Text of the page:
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- From: james anderson <email@example.com>
- To: Tim Bray <firstname.lastname@example.org>
- Date: Thu, 31 Aug 2000 12:37:06 +0200
Tim Bray wrote:
> At 12:58 PM 30/08/00 -0400, Frank Boumphrey wrote:
> >Section 2 of the Namespaces rec declares
> > <foo:a xmlns:foo="">In the foo namespace</foo:a>
> >is illegal
> >Can anyone tell me the reasoning behind this?
> Yes, that's illegal. My memory is fuzzy, but one of
> the important reasons is that if you have a default
> namespace <x xmlns="default-ns-uri"> and then you
> want to unset the default so there is none, the
> obvious way to do that is <subX xmlns="">, which
> doesn't mean the default ns is "", it means that
> there isn't a default ns. It would be distinctly
> weird if the semantics of <x xmlns=""> were wildly
> different from <x xmlns:foo="">.
Which, in turn, raises the question, why should they be different? If
the reasoning has to do with "the default namespace which isn't", then
one might ask what purpose that anomaly serves and argue that one should
instead stipulate the existence of a namespace with the name "", to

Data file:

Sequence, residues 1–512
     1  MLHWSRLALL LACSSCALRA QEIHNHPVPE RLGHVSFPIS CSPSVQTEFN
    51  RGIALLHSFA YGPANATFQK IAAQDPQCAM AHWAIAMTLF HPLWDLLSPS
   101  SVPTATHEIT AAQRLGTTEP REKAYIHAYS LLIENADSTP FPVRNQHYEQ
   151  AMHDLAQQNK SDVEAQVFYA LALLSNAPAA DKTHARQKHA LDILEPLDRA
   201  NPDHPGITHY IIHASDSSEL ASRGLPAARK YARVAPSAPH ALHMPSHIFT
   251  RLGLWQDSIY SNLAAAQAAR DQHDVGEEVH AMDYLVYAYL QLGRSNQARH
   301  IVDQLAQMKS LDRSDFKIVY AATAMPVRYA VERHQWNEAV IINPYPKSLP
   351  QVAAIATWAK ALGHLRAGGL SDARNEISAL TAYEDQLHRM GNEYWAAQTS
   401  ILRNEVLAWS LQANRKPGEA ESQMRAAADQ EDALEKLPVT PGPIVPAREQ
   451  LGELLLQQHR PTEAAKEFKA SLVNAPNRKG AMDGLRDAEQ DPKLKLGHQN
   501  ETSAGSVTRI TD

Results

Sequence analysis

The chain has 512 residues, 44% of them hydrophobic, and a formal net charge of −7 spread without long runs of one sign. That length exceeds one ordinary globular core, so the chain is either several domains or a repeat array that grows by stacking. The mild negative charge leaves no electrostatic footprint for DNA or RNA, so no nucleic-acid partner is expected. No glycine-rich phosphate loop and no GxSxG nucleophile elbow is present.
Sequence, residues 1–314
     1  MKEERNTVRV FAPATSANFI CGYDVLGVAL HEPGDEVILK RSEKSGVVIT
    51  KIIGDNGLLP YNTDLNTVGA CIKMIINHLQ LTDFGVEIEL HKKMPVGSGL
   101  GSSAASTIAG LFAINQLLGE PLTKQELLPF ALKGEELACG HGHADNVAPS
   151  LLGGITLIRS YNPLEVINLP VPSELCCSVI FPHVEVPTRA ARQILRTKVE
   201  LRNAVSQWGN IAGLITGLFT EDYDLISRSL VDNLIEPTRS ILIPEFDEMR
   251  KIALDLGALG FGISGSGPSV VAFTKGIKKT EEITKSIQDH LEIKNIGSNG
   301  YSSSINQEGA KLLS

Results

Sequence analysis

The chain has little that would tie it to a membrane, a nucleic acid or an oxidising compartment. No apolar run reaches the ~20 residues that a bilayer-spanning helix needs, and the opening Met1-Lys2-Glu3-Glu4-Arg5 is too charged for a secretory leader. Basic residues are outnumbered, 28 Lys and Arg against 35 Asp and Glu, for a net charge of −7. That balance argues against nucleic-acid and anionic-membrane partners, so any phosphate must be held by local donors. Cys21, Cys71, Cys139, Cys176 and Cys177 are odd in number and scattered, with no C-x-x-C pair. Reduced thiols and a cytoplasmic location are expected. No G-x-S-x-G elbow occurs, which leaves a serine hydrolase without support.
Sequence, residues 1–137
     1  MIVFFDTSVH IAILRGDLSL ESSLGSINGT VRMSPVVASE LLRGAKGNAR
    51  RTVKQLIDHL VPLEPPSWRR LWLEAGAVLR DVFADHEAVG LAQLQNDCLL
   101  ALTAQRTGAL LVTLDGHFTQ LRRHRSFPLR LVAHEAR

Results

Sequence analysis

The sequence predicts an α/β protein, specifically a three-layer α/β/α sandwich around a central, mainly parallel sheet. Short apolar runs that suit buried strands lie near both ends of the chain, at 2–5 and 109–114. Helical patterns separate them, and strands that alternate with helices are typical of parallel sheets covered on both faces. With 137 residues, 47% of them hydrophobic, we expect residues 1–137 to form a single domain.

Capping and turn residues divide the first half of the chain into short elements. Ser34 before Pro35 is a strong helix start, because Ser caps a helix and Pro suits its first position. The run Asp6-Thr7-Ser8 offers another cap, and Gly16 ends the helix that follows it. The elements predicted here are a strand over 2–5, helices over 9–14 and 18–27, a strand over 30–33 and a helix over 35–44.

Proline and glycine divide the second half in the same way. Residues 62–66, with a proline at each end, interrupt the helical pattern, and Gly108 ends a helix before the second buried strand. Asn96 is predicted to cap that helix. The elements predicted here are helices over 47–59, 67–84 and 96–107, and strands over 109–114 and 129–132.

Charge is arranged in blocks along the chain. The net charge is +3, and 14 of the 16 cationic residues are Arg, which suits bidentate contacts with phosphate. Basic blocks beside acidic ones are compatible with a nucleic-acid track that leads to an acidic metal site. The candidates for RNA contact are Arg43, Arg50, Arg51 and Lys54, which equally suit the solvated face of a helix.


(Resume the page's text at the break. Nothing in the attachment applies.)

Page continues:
which not only the default namespace could be associated (by the form
xmlns=""), but also to which any given prefix could be bound (by a form
like xmlns:foo=""). the result is simpler to understand and easier to model.
> Also, the WG was (quite rightly, as history has
> shown) very nervous about relative URIs as
> namespace names, and "" only makes sense as a
> relative name.
While I can follow, that one might assert that a form like xmlns:foo=""
would effect a binding for the prefix "foo" to some namespace which is
bound in a form in which, for example, an external parsed entity has
been included, for example, the default namespace, the mechanism is
couterintuitive and problematic - without regard to the "" value
specified for the namespace name.